[JURIST] The Permanent Court of Arbitration [official website] has published a decision [order, PDF] that Philip Morris must pay substantial legal fees to the Australian government for a failed suit the tobacco company brought concerning cigarette packaging laws. In 2011 Australia, the UK and other countries replaced [Guardian report] logos and distinctive coloring on cigarette packages with graphic health warnings. After a six-year legal battle fighting the new packaging regulations, Philip Morris lost its claim for damages. Philip Morris argued that Australia's claim for costs related to arbitration was "unreasonable" as the country's legal team primarily consisted of public servants. Australia contended that the amount requested was a small proportion of the amount of damages sought by Philip Morris in the initial suit. The exact amount rewarded was omitted from the order. In similar cases against the tobacco giant, the US and Canada claimed $4.5 million and $3 million respectively.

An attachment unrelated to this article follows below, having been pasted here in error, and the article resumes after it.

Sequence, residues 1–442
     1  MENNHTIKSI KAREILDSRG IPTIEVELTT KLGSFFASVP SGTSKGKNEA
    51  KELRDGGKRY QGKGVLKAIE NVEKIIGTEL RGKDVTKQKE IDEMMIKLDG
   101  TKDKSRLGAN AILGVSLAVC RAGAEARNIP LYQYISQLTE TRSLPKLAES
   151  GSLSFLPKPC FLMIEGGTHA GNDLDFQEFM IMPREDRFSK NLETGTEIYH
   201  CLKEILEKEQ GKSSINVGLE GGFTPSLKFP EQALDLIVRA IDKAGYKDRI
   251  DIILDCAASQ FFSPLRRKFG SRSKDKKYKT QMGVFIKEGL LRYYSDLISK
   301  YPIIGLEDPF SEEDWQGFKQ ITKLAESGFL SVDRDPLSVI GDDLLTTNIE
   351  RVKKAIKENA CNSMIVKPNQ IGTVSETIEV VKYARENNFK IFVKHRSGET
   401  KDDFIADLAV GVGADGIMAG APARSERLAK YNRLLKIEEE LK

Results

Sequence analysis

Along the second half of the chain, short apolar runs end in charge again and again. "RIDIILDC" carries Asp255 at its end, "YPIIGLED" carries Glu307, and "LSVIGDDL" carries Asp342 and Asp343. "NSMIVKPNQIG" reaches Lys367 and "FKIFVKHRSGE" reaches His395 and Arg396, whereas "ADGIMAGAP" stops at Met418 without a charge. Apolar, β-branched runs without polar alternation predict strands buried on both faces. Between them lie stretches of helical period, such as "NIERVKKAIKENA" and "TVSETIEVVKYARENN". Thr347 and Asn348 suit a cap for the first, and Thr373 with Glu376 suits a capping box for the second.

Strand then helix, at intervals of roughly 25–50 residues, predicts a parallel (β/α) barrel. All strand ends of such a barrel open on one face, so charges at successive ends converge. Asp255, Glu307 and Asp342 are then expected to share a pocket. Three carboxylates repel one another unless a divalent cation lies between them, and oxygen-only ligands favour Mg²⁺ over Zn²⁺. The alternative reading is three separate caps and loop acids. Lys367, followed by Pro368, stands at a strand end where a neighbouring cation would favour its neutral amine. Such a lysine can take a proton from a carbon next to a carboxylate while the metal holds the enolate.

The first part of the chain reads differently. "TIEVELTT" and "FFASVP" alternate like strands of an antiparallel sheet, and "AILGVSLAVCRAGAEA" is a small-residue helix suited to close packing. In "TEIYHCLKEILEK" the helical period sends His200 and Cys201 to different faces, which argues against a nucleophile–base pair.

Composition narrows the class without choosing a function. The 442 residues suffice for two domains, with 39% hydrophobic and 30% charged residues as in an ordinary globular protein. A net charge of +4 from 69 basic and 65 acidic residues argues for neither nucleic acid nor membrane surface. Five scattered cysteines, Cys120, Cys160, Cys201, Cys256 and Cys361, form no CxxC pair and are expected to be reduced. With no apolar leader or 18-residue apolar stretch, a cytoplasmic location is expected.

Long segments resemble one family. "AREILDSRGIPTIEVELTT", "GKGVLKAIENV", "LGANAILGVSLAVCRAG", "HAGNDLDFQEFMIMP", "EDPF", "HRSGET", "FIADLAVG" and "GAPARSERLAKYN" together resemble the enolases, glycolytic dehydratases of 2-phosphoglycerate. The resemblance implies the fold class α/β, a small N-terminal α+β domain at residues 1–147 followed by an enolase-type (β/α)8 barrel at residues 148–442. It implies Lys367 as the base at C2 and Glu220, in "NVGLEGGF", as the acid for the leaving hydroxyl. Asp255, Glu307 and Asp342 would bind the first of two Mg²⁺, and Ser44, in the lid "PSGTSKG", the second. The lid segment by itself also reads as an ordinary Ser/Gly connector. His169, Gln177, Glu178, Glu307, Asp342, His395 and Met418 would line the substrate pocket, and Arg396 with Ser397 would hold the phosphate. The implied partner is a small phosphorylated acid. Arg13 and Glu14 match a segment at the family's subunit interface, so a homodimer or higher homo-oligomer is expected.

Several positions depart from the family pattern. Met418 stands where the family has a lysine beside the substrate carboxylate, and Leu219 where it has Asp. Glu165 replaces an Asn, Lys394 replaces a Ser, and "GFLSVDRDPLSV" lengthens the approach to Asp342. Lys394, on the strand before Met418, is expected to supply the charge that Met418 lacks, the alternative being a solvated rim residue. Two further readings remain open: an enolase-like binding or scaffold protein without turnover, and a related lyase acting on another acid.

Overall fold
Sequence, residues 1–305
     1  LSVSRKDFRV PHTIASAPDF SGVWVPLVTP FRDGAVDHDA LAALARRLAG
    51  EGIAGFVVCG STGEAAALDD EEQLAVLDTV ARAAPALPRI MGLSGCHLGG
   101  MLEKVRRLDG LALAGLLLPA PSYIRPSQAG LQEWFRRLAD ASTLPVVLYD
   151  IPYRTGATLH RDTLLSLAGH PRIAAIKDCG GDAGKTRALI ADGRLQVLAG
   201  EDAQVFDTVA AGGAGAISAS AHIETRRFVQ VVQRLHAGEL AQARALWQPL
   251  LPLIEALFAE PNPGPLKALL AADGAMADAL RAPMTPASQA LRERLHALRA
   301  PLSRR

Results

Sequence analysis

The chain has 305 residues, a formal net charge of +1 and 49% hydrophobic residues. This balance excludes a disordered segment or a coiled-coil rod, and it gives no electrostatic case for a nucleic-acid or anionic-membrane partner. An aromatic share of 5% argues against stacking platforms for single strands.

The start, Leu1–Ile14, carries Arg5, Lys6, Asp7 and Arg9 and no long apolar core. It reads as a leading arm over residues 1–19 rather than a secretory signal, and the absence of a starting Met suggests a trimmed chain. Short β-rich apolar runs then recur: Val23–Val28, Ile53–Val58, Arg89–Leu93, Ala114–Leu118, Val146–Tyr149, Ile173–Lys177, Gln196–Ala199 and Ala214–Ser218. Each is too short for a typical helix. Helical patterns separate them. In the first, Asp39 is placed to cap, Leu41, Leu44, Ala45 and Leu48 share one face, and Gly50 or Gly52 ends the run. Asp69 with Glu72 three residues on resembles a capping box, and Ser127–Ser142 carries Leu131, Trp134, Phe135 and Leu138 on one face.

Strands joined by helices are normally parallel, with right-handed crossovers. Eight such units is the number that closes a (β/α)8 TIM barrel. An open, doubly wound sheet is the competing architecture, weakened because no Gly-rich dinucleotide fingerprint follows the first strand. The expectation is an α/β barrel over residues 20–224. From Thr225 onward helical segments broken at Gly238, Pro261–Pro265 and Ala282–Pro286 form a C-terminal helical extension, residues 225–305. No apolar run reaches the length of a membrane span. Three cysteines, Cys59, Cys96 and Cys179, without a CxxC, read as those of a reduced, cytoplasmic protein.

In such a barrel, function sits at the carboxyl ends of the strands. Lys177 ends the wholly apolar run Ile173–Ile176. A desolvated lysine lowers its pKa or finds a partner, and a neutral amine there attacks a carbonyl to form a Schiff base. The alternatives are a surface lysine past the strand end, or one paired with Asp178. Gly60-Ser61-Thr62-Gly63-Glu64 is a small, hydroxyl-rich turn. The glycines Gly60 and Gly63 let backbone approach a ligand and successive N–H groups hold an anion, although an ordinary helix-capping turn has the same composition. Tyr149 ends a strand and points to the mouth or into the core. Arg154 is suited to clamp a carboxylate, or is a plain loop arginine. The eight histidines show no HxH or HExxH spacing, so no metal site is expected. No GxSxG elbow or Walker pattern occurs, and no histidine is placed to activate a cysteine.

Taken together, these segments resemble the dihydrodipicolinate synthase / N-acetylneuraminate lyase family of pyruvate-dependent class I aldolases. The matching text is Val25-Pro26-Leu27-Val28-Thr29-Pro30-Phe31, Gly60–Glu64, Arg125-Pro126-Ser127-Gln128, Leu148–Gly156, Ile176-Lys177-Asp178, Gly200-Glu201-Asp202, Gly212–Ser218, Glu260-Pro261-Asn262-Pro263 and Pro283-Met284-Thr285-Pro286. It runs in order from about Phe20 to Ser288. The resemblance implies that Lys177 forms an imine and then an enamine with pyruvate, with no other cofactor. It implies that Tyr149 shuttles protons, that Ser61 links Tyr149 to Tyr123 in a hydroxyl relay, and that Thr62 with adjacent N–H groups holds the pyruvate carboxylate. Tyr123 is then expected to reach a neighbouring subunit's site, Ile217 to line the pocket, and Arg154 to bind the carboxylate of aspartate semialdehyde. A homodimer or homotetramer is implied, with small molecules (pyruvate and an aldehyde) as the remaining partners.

Cigarettes continue to be a serious health and legal issue around the world. In May 2016 the EU Court of Justice [official website] upheld [JURIST report] EU rules that will require health warnings to cover 65 percent of a cigarette pack. In June 2015 a judge for the Quebec Superior Court awarded over $15 billion [JURIST report] in damages to Quebec smokers in a case against tobacco companies JTI-Macdonald, Imperial Tobacco, and Rothmans, Benson & Hedges, making this the largest award for damages and the biggest class action lawsuit in Canada's history. In May 2014 the US Court of Appeals for the Eleventh Circuit [official website] upheld the dismissal [JURIST report] of a consolidated lawsuit brought against various tobacco companies. In August 2014 the World Health Organization (WHO) [official website]called for strict regulation [JURIST report] of electronic cigarettes, including a ban on the usage of the devices in public places and advertising targeting minors. In June 2014 the Supreme Administrative Court of Thailand approved a new regulation [JURIST report] requiring packs of cigarettes in the country to be 85 percent covered with graphic health warnings.